Die Heuning Pot Literature Guide
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Technique

Regina Spektor is a songwriter, but many of her fans call her a poet, and for good reason. She constantly finds creative ways to rhyme seemingly un-rhymable words, uses syncopated beats (think ragtime or hip hop), sings in French, Russian, and English, and constantly drops references to other music, literature, history, and pop culture. She's like the bard of Bohemia, and owns this title with dignity.

In "Samson" she employs a sort of half-hearted external rhyme scheme in which the ends of her lines sometimes rhyme together ("light"/"alright", "bed"/"head"/"red"/"bread") and sometimes they form more of a slant rhyme (where the stressed consonants in certain words rhyme with each other), as in "heads"/"met", "down"/"one"/"once"; "downfall"/"dull", etc.

She's more concerned with the way each word that she chooses actually sounds than fitting them into a specific meter (beat).

Spektor's lyrics are also cyclical. She starts and ends with "you are my sweetest downfall / I loved you first," and then continues with "beneath…" but changes what follows the "beneath" each time: "beneath the sheets of paper," "beneath the stars." This repetitive structure is poetry at its finest and reminds us of a spiral where the revolving ideas keep repeating, but shrink and grow each time and change with the lines. Need another example? Check out W.B. Yeats's "The Second Coming" "turning and turning in the widening gyre."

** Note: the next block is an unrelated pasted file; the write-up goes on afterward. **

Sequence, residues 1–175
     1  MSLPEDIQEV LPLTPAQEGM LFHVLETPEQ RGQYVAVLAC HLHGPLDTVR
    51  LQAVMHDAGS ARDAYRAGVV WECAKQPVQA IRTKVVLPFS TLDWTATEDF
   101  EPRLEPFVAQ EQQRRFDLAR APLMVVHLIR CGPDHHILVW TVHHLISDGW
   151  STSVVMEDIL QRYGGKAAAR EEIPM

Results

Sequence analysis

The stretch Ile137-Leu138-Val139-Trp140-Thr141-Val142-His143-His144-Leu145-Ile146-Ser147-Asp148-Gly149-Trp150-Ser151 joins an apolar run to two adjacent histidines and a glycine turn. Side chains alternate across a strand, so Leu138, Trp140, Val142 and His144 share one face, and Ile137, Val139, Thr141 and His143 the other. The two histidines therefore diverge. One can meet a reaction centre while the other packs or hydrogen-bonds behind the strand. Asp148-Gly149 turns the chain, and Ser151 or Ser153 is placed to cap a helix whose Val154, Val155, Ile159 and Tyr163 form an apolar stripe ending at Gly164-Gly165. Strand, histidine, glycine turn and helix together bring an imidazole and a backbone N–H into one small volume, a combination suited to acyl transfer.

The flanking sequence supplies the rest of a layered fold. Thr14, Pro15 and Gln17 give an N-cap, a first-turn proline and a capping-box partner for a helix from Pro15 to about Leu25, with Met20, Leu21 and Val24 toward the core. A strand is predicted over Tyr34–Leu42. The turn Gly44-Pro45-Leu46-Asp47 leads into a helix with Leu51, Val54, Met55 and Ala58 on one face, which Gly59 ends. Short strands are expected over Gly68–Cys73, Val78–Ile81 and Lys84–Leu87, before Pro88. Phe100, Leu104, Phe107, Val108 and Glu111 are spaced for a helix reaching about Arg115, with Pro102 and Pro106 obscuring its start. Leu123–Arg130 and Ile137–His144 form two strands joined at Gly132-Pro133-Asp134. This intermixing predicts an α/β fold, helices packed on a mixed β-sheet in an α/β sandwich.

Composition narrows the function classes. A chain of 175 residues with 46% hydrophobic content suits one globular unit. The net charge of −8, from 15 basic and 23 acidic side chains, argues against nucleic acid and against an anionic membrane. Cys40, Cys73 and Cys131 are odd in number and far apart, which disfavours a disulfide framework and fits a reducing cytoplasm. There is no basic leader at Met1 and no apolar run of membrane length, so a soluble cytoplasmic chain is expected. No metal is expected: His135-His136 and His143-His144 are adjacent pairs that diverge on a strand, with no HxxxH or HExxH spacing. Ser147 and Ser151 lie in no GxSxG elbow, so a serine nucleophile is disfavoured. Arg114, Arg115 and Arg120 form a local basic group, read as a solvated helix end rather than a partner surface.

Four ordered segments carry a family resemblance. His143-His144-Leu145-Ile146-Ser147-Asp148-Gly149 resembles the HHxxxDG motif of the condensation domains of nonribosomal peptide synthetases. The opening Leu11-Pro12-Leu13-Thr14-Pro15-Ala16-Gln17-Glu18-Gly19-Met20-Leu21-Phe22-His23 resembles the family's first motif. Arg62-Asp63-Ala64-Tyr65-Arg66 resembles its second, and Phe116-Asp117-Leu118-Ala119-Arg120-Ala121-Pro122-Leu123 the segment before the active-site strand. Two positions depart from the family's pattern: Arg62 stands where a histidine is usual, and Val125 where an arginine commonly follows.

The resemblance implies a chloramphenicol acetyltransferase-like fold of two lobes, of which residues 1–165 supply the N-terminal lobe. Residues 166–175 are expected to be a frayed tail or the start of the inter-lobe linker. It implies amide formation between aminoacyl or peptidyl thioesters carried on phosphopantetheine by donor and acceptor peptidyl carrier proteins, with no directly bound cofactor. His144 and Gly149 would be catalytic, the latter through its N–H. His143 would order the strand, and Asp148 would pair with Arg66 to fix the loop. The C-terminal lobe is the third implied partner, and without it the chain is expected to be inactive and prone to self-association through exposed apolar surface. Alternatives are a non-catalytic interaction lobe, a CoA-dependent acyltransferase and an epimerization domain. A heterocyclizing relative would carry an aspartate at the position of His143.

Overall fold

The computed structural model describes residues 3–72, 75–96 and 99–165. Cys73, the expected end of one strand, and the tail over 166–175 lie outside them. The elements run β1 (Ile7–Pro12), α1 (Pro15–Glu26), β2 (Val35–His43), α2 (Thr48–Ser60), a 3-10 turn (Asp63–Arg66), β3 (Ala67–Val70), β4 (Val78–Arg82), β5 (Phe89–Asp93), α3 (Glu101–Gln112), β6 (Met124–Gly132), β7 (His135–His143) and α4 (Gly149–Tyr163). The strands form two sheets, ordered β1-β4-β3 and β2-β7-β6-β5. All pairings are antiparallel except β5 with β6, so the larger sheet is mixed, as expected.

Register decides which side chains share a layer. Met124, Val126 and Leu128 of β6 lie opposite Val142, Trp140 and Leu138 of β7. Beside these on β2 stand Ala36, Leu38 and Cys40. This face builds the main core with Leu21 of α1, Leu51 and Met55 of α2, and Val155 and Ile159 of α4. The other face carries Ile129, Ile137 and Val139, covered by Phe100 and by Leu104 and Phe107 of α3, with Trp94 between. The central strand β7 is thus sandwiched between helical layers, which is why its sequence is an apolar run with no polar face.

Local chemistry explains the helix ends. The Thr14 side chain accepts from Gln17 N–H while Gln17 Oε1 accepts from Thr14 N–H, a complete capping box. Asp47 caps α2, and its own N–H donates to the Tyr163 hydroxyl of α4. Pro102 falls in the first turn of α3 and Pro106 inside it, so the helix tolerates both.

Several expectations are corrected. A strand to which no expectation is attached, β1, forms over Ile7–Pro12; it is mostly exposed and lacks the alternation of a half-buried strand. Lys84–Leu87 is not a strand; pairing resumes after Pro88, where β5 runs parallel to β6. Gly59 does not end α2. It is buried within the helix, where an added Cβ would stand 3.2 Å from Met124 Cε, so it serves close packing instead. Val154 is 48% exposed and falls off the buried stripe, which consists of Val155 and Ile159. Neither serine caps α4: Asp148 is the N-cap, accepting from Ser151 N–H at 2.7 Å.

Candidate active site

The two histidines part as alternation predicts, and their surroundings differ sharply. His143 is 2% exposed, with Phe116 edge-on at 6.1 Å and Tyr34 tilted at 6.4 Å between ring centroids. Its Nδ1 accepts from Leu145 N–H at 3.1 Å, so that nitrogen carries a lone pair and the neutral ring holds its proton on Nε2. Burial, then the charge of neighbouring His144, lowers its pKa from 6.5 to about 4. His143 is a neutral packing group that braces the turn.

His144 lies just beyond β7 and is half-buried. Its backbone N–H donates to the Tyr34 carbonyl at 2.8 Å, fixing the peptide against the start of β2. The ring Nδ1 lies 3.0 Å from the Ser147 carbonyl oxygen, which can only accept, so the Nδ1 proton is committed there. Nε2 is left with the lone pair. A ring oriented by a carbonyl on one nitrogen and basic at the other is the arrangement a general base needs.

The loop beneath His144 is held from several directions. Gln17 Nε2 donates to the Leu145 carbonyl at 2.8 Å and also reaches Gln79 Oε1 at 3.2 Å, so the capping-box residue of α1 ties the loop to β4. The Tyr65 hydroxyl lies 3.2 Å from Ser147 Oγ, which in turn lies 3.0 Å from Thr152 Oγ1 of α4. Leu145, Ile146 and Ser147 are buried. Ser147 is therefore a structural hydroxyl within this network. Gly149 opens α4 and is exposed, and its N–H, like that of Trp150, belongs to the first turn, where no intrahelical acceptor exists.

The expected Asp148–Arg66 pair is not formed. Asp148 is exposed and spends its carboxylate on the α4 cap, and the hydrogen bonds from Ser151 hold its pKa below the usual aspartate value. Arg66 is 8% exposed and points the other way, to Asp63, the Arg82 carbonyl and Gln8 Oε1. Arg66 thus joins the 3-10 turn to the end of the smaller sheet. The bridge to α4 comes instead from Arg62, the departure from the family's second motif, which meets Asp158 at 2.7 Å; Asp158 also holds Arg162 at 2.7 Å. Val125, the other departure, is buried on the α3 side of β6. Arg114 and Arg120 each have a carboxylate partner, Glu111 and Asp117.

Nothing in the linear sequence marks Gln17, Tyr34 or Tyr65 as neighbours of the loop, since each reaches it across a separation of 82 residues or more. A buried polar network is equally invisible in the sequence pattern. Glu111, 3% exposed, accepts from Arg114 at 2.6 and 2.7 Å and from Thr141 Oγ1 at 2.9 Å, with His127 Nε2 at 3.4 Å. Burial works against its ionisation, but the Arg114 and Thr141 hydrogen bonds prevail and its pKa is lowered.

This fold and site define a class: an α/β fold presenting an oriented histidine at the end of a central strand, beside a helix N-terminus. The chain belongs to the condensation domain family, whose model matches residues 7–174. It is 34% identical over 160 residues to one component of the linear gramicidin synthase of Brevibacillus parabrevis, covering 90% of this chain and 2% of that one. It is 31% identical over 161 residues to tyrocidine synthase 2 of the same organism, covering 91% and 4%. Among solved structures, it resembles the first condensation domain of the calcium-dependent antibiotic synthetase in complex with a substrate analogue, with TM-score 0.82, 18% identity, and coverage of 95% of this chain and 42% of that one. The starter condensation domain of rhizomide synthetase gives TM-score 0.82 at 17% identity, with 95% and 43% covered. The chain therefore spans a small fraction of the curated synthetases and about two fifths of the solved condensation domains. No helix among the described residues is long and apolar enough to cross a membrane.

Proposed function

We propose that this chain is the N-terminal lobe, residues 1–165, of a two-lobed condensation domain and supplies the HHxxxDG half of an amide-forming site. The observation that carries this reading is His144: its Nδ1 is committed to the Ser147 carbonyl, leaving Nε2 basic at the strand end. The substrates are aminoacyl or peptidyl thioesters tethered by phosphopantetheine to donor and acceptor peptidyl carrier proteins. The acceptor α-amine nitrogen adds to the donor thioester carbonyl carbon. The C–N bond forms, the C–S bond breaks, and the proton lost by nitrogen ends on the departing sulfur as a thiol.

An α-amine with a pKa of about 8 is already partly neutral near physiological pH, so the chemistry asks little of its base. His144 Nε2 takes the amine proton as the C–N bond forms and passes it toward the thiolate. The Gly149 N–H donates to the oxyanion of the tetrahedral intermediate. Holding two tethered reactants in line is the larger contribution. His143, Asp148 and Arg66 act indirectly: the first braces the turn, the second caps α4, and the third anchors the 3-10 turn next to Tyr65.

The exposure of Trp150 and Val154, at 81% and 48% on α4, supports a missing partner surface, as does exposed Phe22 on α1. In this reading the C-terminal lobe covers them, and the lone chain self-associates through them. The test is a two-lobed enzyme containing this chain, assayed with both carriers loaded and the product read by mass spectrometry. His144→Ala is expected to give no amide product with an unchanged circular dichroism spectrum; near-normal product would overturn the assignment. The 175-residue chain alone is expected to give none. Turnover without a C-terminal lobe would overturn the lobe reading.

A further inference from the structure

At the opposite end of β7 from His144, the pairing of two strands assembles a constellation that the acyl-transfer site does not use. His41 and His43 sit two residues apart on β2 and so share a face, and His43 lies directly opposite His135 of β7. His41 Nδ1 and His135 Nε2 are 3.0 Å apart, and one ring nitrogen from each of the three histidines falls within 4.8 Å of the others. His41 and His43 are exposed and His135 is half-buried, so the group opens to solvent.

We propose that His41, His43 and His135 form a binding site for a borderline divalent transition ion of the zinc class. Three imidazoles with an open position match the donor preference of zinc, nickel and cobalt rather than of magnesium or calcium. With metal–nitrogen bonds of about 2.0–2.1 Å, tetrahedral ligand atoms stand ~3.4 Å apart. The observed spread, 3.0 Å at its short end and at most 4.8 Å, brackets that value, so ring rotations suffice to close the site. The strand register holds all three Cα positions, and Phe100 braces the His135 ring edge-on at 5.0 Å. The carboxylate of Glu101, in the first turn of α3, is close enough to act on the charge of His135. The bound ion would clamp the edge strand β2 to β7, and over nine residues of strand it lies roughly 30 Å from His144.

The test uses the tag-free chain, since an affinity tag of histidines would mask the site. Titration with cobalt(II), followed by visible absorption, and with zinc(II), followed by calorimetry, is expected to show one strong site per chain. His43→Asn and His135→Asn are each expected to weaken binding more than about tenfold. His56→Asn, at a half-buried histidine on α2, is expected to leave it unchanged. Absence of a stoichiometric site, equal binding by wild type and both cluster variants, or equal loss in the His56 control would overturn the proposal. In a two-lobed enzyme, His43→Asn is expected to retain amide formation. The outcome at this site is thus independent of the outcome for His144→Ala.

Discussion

There are three verses that begin with "you are my sweetest downfall" and three verses that begin with "Samson," showing that the song's narrator is worrying like crazy about what happened between her and her lover; she repeats her anxieties like a broken record. She's obviously conflicted and trying to work through her own guilt and pain by singing the same basic themes over and over with slightly different variations on the words as she goes. Haven't you ever done that after a breakup? And Samson was most likely stricken with the same sense of terror and rejection: "She said she loved me too. She did that. Or wait, did she? Or was I just imagining that? I really hurt her, I didn't mean to. I don't remember. But she must love me, right? Or was it all just pretend? But we spent the night together last night… Hey, where did my hair go?" It's the same thing that T.S. Eliot goes through in "Prufrock", and the same thing countless love struck young adults go through daily. It's been said that when you fall in love, you become a poet, and this just might be a good example of that theory.
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